Christopher Columbus Essay also known in Italian as Cristoforo Colombo and in
Spanish as Critobal Colon was born in Genoa, Italy in 1451 and died
sometime in 1506. Considerably one of the greatest and most mentioned
figure in American history. Why? One can simply say because his voyages
mark the beginning of continuous European efforts to explore and colonize
the “Americas”. Although most of Columbus’ life to this day is unknown
historians do know one that is for sure; his voyages were major turning
points in history.
Columbus spent most of his “Early Years” at his father’s trade of weaving
and later became a sailor on the Mediterranean.
During 1476 Columbus had
been shipwrecked near the Portuguese coast. Columbus had then made his way
to Lisbon where his younger brother, Bartholomew, an expert chart maker,
lived. Historians say that Columbus had been inspired by his brother to
become an expert chart maker and mariner in the Portuguese merchant
service. It was in Lisbon where historians believe that Columbus had
married his wife Donna Filipa Perestrello e Moiz in 1479. By the time
Columbus was 31 or 32 he had become a master mariner in the Portuguese
merchant service. With his experience as a mariner Columbus believed that
one could reach Asia faster by sailing west.
With this in mind Columbus
then traveled seeking support for his plan. Columbus for eight had been
denied for support by John II of Portugal and then at the court of Ferdinad
and Isabella of Spain. But finally after eight years the Spanish monarchs,
having conquered Granada, decided to risk the enterprise and lend the
required supplies to Columbus to sail west. It was then where Columbus set
sail for his first expedition in 1492 with three small ships, the Santa
Maria, commanded by Columbus himself, the Pinta commanded by Martin Pinzon,
and the Nina commanded by Vicente Yanez Pinzon.
On October the 12th he landed on a small island, San Salvador, in the
Bahamas group. He took possession of it for Spain.
He then discovered other
islands in the neighborhood. Later on, on October the 27th he sighted Cuba
and on December the 5th he reached Hispaniola. But on Christmas Eve tragedy
struck when the Santa Maria was wrecked on the north coast of Hispaniola.
With this occurring Columbus sailed back to Spain on the Nina to seek help.
Later on in October 1493 Columbus sailed again to mark his second
expedition. Only this time 17 ships accompanied him, with 1,500 colonists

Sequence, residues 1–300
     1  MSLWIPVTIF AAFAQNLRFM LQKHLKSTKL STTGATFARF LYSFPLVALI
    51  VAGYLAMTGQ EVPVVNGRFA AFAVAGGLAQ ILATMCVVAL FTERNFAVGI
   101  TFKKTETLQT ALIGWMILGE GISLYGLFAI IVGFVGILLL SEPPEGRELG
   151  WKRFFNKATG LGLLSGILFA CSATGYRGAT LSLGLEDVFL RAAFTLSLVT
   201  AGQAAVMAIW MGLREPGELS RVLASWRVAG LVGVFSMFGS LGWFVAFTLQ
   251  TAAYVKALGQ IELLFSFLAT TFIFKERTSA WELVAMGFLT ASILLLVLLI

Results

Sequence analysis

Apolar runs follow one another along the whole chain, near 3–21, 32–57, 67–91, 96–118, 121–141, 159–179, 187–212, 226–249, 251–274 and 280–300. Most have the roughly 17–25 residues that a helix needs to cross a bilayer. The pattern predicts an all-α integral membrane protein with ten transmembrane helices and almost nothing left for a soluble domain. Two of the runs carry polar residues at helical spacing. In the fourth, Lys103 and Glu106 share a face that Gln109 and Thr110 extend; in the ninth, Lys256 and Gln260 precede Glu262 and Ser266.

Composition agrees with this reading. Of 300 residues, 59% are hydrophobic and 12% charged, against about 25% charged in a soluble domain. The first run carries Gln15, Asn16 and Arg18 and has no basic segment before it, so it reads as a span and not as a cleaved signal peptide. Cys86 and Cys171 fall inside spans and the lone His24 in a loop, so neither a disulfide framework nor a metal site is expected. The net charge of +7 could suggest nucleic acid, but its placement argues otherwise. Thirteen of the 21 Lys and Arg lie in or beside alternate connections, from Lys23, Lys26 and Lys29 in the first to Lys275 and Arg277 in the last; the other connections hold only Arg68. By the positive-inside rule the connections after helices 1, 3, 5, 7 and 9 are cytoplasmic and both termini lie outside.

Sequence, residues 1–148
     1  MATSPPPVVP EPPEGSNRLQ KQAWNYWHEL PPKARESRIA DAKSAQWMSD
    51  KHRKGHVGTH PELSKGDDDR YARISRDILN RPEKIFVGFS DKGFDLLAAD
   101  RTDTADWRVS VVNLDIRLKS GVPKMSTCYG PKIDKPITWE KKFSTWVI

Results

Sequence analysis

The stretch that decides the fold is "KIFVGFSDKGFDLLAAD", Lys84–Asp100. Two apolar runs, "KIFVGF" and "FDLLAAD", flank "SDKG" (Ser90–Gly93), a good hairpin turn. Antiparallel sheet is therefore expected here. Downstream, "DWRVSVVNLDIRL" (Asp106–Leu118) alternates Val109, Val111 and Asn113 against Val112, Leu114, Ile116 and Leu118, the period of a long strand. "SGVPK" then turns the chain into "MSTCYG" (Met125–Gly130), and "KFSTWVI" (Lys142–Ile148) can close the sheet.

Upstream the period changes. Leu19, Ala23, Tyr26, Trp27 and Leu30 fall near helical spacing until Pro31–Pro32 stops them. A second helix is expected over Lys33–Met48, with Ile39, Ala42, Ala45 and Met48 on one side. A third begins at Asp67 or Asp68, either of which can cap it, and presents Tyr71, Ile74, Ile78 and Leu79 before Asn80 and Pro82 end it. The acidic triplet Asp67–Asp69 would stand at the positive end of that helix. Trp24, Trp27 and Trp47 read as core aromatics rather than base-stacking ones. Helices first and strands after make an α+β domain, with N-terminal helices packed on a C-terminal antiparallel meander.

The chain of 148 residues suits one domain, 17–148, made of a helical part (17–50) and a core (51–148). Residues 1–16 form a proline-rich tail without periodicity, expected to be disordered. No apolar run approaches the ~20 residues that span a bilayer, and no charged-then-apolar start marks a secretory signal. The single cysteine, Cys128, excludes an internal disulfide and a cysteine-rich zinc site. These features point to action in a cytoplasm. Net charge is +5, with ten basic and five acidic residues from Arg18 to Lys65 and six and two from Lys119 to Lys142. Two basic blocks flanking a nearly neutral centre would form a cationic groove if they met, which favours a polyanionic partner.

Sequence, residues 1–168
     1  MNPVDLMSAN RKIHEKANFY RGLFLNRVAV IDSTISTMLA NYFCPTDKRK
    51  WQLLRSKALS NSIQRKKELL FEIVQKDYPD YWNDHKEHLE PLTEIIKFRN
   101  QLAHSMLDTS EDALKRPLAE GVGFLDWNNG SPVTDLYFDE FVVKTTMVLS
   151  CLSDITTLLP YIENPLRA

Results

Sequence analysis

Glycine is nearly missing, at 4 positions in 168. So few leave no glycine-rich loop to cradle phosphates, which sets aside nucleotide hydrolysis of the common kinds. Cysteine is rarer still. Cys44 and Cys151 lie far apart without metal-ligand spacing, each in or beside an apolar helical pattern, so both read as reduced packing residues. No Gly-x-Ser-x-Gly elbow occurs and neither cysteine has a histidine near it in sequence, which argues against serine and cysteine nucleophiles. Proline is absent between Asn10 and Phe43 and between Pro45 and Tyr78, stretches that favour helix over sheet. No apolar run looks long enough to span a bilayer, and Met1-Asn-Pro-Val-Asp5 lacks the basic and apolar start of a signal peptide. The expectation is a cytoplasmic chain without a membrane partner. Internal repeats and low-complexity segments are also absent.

His landfall this time was in the Lesser Antilles. During his
second expedition Columbus’ discoveries included the Leeward Islands,
Puerto Rico, and Jamaica. Like his first expedition this one was cut off
short because his attempts to enforce strict discipline led some to seize
vessels and return to Spain to complain of his administration, therefore
Columbus returned to Spain in 1496 to defend himself against the
accusations of his men.
On his third expedition, in 1498, Columbus was forced to transport convicts
as colonists, because of the bad reports on conditions in Hispaniola and
because of the novelty of the New World was wearing off. He sailed still
farther south and made his landfall on Trinidad. He sailed across the mouth
of the Orinoco River and realized that he saw a continent but without
further exploration he hurried back to Hispaniola to administer his colony.
In 1500 an independent governor arrived, sent by Isabella and Ferdinand as
the result of reports on the wretched conditions in the colony, and he sent
Columbus back to Spain in chains. Columbus was immediately released, but
his favor was on the wane; other navigators, including Amerigo Vespucci had
been in the New World and established much of the coastline of North East
During 1502 Columbus had gathered four ships for a fourth and final
expedition. His plan for his fourth expedition was to sail past the islands
and far enough west hoping to find lands answering to the description of
Asia or Japan. He struck the coast of Honduras in Central America and
coasted southward along an inhospitable shore, suffering terrible
hardships, until he reached the Gulf of Darien. Attempting to return to
Hispaniola, he was stranded on Jamaica.
After his rescue, he was forced to
abandon his hopes and return to Spain, where he then later died in 1506.
Although most of the information about Christopher Columbus and his voyages
are ambiguous and controversial to this day one point of agreement among
all historians is that his voyages were one of the turning points in